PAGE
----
December 7, 2019

At this time of year I love to peruse cooking magazines in pursuit of fresh takes on holiday side dishes or a new twist for everyday standards. It is amazing how frequently thyme is a primary ingredient. This very versatile herb adds depth to savory dishes and cuts the mouth feel of fatty foods. Be forewarned that fresh thyme turns black in acidic dishes (think tomatoes), so always used dried in those recipes.

There are over 10...

November 30, 2019

The holiday season is officially in full swing.  Many folks may celebrate by popping a cork or two. 

Cork grows on trees. The cork layer covers the bark protecting the trees from heat and fire. But most cork used commercially comes from one kind of tree, the cork oak, which has a thicker cork layer than other trees.

The cork oak is an evergreen, Quercus suber, that is native to the western Mediterranean region. Most cork i...

November 23, 2019

Would  Turkey Day seem complete without  cranberry sauce? Whether we love it or loathe it, most of us will not be without this uniquely American fare come Thursday. 

The cranberry, Vaccinium macrocarpan, is native to the acid bogs of eastern North America. Native Americans of the Narraganset tribe used the berries for dye as well as for food. No doubt they introduced the fruit to the Pilgrims. 

Today the United States...

November 16, 2019

Few topics have sparked more discussion among my old garden club buddies than the age-old conundrum: What is the difference between sweet potatoes and yams?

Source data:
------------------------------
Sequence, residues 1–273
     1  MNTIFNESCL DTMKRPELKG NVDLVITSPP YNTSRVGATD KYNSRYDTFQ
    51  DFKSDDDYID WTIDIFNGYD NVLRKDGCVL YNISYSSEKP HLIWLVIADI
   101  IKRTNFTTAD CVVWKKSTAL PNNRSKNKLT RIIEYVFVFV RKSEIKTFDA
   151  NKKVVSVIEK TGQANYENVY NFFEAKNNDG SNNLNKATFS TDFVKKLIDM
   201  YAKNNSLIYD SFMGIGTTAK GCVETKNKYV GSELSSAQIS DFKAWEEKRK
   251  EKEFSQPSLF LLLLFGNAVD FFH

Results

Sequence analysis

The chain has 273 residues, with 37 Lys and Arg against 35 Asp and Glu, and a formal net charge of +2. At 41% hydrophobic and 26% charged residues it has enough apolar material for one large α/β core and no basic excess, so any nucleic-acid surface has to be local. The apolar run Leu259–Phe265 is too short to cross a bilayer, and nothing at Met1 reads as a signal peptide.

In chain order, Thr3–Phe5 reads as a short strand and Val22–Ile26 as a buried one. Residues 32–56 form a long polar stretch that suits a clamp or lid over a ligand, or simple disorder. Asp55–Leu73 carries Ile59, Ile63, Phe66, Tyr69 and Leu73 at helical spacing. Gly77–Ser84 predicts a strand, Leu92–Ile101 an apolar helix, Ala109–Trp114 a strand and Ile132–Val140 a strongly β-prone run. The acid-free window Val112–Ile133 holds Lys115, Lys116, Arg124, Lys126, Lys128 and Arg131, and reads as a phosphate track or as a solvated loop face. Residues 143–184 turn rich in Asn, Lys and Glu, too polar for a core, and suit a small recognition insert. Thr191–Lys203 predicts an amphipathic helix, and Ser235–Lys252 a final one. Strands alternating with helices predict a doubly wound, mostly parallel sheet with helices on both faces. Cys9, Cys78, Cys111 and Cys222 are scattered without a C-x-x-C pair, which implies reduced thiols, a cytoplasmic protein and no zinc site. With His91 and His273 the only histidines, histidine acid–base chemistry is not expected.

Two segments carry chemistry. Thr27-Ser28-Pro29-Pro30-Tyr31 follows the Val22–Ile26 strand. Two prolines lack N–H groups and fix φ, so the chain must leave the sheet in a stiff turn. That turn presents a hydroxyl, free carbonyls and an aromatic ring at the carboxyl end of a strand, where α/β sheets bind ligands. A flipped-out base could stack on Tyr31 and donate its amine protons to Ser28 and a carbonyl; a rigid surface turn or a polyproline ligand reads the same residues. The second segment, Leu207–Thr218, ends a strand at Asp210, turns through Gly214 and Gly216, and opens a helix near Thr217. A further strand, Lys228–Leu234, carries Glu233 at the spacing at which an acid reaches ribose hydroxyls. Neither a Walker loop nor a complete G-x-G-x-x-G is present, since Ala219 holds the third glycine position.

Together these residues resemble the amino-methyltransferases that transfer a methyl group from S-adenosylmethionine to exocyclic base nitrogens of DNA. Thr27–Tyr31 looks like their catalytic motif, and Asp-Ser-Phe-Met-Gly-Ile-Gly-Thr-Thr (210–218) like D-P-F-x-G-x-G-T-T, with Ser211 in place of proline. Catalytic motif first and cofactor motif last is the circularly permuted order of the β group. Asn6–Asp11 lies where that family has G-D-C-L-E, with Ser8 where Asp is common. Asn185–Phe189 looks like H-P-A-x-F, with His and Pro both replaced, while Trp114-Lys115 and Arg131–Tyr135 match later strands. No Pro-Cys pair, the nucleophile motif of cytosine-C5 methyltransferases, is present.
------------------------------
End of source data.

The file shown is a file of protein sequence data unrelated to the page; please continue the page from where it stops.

Grocers use both terms when labeling bins of fresh tubers, but I doubt many of us have eaten real yams. Yams, Dioscorea, are a food staple throughout the islands of the South Pacific, Southeast Asia and tropical Africa. There are 600 species of yams. Many of the tubers are...

November 9, 2019

In Flanders fields the poppies blow  

Between the crosses, row on row,

That mark our place; and in the sky

The larks, still bravely singing, fly

Scarce heard amid the guns below….

This poem was written by Canadian John McCrae shortly before he was killed fighting on the western front during World War I. That war ended on the eleventh hour of the eleventh day of the eleventh month. In Canada, November 11 is a day to remember

the fal...

November 4, 2019

The olive harvest is in full swing. It began in late September as the dark green fruit matured to a light green. All olives will eventually ripen to black or dark red. Picking the ripe olives in December marks the end of the harvest season.

This is a very labor-intensive task in that it is not mechanized. Tarps are spread under the trees. Then the olives are gently dislodged by the pickers. The tarps are carefully emptied into...

October 26, 2019

Many years ago I read a magazine article about a woman who tore out her two-year-old professionally-planned landscape because she had to have nothing but black and green flowers. At the time I thought that she must have more money than sense. The tincture of time has not altered my view of her judgment. That being said, though, there is an amazing selection of black flowers to choose among.

Whether flower, fruit or foliage, the...

October 19, 2019

Does any flower trigger more impulse buying than the tulip? I confess to perusing every colorful catalog that lands in my mailbox. When I lived in Nebraska, I indulged in a personal “tulip mania” every year. When everyone was weary of winter’s ceaseless grip the sight of a mass of mixed orange and purple tulips brought ‘round the after-church sightseers!